When buying a fire suit, suit material and proper fitment need to be at the forefront of your buying decision. Please educate yourself on your individual racing class requirements before purchasing a suit.
Every fire suit manufacturer has a fitment reference chart. It is important for your fire suit to fit you properly for the best-possible protection in the event of a fire. It’s important to remember that fire suits are designed to fit over a driver’s regular clothes. The four measurement points taken for proper one-piece suit fitment are the same as for fire suits.
When buying a suit, you must decide between single-layer and multi-layer protection. There is roughly a $200 price difference between a standard single- and an entry level multi-layer suit. We encourage drivers to spend extra on a suit that exceeds the minimum requirements for safety.
The standard single-layer suit has a second-degree burn-through time of about three to seven seconds. An entry level multi-layer suit will increase this time to about 20 seconds. These suits have a life span of about five years with proper care.
Do not dry clean your fire safety suit. Dry cleaning solutions contain flammable chemicals that can actually feed a fire. Machine washing your suit at home is acceptable, though you should avoid abrasive detergents and bleach. Safety suits should be machine washed on a gentle cycle and air dried away from direct sunlight. There are cleaning kits available that are specifically designed for fire safety suits.
In any licensed racing series, you’re going to need an SFI-certified safety harness. Drag racers—and most any other type of racer outside of stock cars—will typically be looking for 16.1 SFI-rated harnesses. Stock car harnesses need to have a 16.5 SFI rating and will often feature a six- or seven-point harness instead of the more-common five-point harness.
You have a few options regarding how you choose to install your safety harness. There are two common installation types for safety harnesses—bolt-in and wraparound. Both types typically require a roll cage or roll bar for proper installation. If being installed in a vehicle without a cage, reinforcement plates should be welded to the vehicle floor to give the harness a rigid mounting point. We typically recommend wraparound harnesses because proper mounting and installation won’t require altering your roll cage or roll bar.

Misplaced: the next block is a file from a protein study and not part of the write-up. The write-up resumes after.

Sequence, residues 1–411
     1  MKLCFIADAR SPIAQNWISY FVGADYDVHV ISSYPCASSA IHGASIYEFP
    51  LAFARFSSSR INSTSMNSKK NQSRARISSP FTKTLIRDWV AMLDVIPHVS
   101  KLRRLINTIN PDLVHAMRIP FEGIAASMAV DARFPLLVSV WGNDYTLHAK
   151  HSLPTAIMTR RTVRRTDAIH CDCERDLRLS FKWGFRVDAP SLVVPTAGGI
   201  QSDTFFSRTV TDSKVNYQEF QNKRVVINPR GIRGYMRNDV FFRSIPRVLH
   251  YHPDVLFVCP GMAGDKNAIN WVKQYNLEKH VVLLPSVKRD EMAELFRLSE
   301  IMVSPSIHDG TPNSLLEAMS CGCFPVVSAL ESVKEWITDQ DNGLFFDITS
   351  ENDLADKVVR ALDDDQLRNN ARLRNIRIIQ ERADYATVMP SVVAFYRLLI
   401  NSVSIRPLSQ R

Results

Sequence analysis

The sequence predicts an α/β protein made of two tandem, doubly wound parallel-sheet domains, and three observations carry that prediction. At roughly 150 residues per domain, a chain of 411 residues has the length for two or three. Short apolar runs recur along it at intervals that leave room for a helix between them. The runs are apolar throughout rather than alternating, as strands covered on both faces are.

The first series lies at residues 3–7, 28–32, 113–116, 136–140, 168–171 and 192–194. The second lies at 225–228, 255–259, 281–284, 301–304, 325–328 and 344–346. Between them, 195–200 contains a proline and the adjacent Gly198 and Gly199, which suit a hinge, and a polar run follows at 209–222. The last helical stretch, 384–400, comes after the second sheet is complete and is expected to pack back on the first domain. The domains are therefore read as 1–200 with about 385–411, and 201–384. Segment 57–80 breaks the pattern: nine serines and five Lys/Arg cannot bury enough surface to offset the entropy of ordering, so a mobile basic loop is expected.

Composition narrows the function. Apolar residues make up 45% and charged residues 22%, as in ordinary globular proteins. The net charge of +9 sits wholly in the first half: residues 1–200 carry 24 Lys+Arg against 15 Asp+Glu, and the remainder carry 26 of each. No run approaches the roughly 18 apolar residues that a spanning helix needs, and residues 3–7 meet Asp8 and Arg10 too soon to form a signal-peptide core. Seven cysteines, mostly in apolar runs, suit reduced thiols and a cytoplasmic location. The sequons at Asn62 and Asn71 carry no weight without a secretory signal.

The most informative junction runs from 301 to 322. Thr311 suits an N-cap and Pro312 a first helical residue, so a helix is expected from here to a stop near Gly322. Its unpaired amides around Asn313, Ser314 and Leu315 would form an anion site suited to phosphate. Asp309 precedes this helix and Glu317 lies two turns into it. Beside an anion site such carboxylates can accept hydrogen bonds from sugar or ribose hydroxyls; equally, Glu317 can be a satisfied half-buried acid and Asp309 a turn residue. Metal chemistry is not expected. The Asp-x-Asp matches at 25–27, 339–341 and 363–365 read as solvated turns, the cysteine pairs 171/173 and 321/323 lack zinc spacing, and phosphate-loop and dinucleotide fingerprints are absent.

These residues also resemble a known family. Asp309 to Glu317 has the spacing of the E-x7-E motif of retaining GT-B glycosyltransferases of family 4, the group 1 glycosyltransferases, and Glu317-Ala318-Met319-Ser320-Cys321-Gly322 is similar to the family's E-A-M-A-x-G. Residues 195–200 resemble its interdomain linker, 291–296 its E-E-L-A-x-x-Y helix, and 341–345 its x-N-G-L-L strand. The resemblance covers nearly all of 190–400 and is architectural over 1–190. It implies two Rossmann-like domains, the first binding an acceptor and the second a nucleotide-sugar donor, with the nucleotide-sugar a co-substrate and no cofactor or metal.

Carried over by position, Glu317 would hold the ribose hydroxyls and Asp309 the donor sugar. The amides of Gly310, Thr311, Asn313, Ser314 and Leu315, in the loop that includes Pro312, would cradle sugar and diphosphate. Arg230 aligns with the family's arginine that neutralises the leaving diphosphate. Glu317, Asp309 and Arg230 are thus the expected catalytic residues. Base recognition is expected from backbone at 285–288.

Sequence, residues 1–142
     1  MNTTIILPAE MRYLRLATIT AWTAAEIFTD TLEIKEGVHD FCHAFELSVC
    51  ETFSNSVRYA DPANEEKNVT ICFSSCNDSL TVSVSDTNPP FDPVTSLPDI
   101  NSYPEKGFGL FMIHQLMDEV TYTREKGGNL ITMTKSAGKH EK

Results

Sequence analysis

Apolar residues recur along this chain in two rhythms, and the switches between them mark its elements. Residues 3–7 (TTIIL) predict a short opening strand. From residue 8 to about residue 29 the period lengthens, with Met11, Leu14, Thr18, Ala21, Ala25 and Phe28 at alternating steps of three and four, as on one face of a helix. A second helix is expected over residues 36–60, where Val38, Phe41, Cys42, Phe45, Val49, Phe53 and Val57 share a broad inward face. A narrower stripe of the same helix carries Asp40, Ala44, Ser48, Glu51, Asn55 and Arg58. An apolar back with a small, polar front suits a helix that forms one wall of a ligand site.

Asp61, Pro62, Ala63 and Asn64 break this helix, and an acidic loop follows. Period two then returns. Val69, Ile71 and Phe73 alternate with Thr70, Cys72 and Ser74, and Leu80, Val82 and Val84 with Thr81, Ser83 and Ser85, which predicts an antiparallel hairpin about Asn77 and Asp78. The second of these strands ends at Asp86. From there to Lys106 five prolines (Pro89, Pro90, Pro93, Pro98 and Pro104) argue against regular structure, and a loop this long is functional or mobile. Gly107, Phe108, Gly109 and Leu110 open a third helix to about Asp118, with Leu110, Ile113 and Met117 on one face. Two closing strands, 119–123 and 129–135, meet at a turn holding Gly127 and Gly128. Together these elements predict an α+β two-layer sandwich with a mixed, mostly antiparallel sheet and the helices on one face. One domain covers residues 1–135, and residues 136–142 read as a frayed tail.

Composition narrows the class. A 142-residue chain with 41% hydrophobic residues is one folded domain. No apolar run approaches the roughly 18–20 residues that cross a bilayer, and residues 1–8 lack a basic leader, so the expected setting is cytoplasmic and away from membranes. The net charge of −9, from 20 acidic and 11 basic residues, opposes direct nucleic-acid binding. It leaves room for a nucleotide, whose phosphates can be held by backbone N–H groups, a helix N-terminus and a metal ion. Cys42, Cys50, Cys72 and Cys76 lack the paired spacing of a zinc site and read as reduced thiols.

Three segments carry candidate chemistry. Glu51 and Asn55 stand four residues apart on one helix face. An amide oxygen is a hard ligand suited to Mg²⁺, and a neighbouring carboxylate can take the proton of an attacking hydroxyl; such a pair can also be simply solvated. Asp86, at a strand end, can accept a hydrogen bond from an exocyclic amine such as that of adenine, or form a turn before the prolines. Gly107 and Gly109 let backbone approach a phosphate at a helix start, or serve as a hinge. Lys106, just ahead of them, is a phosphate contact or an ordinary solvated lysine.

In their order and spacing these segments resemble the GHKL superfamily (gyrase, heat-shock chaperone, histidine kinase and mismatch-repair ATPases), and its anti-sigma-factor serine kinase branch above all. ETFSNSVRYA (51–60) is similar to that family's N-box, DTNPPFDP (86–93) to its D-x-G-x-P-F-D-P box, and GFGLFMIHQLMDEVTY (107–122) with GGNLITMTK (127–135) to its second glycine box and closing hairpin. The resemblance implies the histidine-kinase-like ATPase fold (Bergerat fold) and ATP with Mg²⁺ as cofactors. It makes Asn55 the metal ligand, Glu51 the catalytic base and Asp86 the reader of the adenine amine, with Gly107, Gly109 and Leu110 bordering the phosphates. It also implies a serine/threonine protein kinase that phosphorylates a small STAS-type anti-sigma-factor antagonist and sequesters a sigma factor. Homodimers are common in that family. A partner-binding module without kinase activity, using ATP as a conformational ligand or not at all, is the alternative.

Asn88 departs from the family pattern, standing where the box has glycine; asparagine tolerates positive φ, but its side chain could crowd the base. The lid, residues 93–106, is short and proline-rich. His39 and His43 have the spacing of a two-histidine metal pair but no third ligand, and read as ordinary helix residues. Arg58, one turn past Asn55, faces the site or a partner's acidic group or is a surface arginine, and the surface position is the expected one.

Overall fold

The two common latch styles in racing safety harnesses are latch harnesses and camlock harnesses. Latch-type harnesses are the most cost effective due to simpler mechanics, but ultimately you need to decide which type of latch system you prefer from a user experience.
Winning isn’t everything
In the 1950s, UCLA football coach Henry “Red” Sanders, and later, Green Bay Packers coach Vince Lombardi famously told their teams: “Winning isn’t everything. It’s the only thing!”
And hey, we get it. We like checkered flags and Victory Lane as much as anyone.
But with all due respect to coaches Sanders and Lombardi, unless they were running some 10-second quarters we don’t know about, we must respectfully disagree.
We want you to win too. Not just once, but over and over and over again. And keeping you in one piece is priority one and the first step in piling up those victories.
Ladies and gentlemen, stay safe out there.